He heard my music, liked it, and got on my album for free, which back then, if you wanted Tech on something, if you had him on something, it costed. So for him to get on my album and want it to do it for free was not only greatly appreciated, but it was also a complement, saying that he thought I had talent. And he was willing to jump on my album without me having to pay him. And shortly after that he started asking me if I knew his songs, and if I’d like to go and start doing a couple of shows with him, and of course I was ecstatic, man.

The first show that I did with him was the Spirit Fest in Kansas City. It’s a big festival, like fifteen, twenty thousand people, and he busted my cherry with 15,000 people at the Spirit Fest. I was so scared and nervous. But I did that show, and haven’t looked back since.

Name some of the other artists you idolize.

One of them is dead, may he rest in peace, Tupac Shukar. Definitely Eminem, that guy is phenomenal. Scarface, Ice Cube, UGK, may Pimp C rest in peace. Bun B is a phenomenal artist, man, and Pimp C, those guys are all in water. They’re so good for each other. It’s a pair. But Bun B is a phenomenal lyricist and he’s always shown his ass on each verse that he’s been on. He’s never had a dull verse, man. I like that guy a lot. TI is a great artist and rapper that I admire. Busta Rhymes is a great, great innovator, and very eclectic. Busta Rhymes, as far as the lyrics. Jedakiss, Jay Z of course, yeah those would be some of the top guys. Oh I’m sorry, and one more, Andre 3000 and Big Boy, you can’t forget about Outkast.

Speaking of Jay Z, why did you decide to use Auto Tune in your latest album even though it has kind of a stigma about it now?

I used [Auto Tune] on Flip Cam, like right in the middle. It was after my first four bars, I used it. You know, as far as him saying no Auto Tune and all that stuff, I mean that’s just his opinion, man. If everybody just did what one person said, man this would be crazy, you know what I’m saying. So that was Jay Z’s opinion. Him going F auto tune and all that, you know, that’s on him.

But if I feel like I hear auto tune, like I did on that particular song, I’ll use it. I wasn’t going to let what this man said dictate what I’m going to do in my music. You know what I mean? That was his opinion, man. So I’m going to continue to use it, if I feel that it fits for anything. Jay Z, even though I like him and admire his music, is not going to dictate what I want to do in my music.

When comes to lyrics verses flow, what’s more important to you in your music?

You got to have both—the flow and the delivery, and the content, the lyrical content. That’s what the industry is missing right now, man. It’s like you can damn near rap about anything and the hook be totally different, has nothing to do with each other, and just the lead is nice and that’s all that matters. That is so crazy man.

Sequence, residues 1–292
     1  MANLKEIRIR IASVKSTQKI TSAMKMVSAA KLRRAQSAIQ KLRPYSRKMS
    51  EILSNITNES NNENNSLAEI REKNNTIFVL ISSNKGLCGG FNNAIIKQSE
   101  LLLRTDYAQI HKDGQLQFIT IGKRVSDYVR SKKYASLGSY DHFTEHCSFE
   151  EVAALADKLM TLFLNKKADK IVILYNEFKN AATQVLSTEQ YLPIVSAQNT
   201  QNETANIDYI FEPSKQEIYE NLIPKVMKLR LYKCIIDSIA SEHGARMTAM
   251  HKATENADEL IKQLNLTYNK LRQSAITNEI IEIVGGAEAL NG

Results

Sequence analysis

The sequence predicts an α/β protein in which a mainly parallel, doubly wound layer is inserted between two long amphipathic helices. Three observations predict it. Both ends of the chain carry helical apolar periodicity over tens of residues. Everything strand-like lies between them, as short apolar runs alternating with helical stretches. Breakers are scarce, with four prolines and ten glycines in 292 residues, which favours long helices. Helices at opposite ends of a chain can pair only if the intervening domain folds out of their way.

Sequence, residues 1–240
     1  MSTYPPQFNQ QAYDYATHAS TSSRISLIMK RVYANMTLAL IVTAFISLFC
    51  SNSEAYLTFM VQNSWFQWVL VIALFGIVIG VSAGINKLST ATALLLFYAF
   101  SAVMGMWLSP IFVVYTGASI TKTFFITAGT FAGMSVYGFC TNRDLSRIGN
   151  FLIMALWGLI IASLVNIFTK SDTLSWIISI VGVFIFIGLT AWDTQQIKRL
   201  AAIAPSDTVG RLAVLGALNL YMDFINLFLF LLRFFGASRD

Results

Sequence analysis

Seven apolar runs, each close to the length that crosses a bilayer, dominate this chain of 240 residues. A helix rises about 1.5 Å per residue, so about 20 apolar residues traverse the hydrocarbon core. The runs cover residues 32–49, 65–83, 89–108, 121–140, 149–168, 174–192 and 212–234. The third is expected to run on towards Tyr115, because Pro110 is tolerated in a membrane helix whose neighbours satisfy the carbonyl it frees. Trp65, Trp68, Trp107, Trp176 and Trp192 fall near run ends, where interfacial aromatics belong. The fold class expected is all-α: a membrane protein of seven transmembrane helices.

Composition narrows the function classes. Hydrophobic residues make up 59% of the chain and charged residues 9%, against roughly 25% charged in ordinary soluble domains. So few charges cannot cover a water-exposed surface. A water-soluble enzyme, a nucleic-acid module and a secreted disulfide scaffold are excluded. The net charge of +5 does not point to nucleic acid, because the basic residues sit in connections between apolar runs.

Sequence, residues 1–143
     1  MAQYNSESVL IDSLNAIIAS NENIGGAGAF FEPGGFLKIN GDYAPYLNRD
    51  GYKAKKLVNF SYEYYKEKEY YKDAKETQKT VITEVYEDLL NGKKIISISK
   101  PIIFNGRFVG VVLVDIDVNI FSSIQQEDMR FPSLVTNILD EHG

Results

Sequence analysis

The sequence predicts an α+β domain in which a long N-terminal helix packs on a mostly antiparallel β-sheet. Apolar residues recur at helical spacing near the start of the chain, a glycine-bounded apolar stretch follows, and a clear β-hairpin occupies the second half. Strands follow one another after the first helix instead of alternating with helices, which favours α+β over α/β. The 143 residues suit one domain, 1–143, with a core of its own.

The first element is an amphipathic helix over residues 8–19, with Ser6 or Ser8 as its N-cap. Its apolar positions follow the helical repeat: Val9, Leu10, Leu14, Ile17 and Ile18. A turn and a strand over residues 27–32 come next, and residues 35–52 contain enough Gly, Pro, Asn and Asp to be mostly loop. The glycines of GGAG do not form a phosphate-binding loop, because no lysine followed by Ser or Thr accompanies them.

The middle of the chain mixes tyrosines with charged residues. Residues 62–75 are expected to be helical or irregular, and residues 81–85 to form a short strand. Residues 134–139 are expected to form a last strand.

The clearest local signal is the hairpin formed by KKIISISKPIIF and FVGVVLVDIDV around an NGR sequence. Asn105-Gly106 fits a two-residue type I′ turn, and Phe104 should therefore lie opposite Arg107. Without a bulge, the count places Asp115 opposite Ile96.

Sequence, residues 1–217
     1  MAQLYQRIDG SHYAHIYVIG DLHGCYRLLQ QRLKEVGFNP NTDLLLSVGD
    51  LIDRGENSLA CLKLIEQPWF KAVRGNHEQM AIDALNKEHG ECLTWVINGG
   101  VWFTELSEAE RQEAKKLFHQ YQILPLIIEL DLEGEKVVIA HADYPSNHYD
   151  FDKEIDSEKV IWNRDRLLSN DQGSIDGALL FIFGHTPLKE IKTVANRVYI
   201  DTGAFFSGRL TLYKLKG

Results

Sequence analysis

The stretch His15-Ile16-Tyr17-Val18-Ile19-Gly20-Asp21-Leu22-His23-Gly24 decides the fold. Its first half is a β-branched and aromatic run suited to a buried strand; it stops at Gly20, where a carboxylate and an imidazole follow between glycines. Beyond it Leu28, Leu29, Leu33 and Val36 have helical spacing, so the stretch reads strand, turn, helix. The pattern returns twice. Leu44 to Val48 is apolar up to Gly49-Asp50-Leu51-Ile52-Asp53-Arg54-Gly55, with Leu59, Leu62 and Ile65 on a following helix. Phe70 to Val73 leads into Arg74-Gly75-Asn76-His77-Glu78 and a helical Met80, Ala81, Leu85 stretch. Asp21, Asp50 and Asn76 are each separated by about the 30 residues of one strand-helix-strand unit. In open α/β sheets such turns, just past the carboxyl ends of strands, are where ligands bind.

And you know, coming up to Spice 1, and Ice Cube, and Ghetto Boyz, and Scarface, man those guys had something to talk about. Not only was the beat hard, and their flow hard, they was actually talking about stuff. I like story telling rhymes, I like speaking about myself in a third person point of view. I like painting pictures, man. I want to be the Picasso of what I do, the Michelangelo of what I do. The beat bangin is just the icing on the cake.

How are the sales for this album compared to your last few?

The record sales are going phenomenally better than my previous two albums. This album has gotten me more exposure, as well as more fans and more sales. And it’s continuing to sell since it’s been out June 8th.

It’s continuing to sell because I’m still on the road and I’m performing this 30 minute set on the stage every night, man, in front of a lot of fans who have no idea who I am and maybe some that are there who know who I am, because they’ve seen me at strange music Tech Nine shows, but these kids are loving it man. And it’s doing phenomenally well. I would say three or four times better than my previous two albums especially my previous one that just came out, Feature Presentation, which was a phenomenal album as well but didn’t get its just deserts.

But right here is making a statement. Raw and Unkutt is doing well, very well. I have no complaints about it. I am happy with this and hope to continuously prove it. I’m only a month and a half in, with it being out man. Hopefully those numbers will keep rising and the word will keep spreading about Kutt Calhoun and about Raw and UnKutt.

Do you have a favorite song on your album?

Ah man, my favorite song is two to eighteen, you know what I’m saying. The first one is a skit, so two through eighteen is what I would say is my favorite. They all have their unique qualities, so I don’t have just one favorite, man. They all mean something different, and have a different feel, and it’s a different part of my life or what I was feeling or whatever I’ve gone through. So there’s no one particular favorite.

If I could speak through the fans though, a lot of them are loving Calling My Name. And that’s the one that’s the nearest to me as far as it being personal and how I really felt like I was at my wits end and this is how I feel. I’m giving it to you Raw and UnKutt, if you don’t like it fuck you, if you do get it and you love it, that’s great because that’s what I wanted. I didn’t want people to feel offended by it. And that’s the song that a lot of these fans are digging man, you know they love the album but that song I guess sticks out to them. So I did my job on that one. Writing my heart, and how I felt, and not holding back, you know, it worked out for me.

Check out Kutt Calhoun’s latest album, Raw and UnKutt, in stores now. It’s a beast. Each track will keep you wanting more.

If you’re a UMass Boston student and you’d like to do interviews with artists like Kutt Calhoun, contact our Music Editor, Bonnie Godas, [email protected].

About the Contributor
Caleb Nelson served as the following positions for The Mass Media the following years: Editor-in-Chief: Fall 2010; 2010-2011; Fall 2011 News Editor: Spring 2009; 2009-2010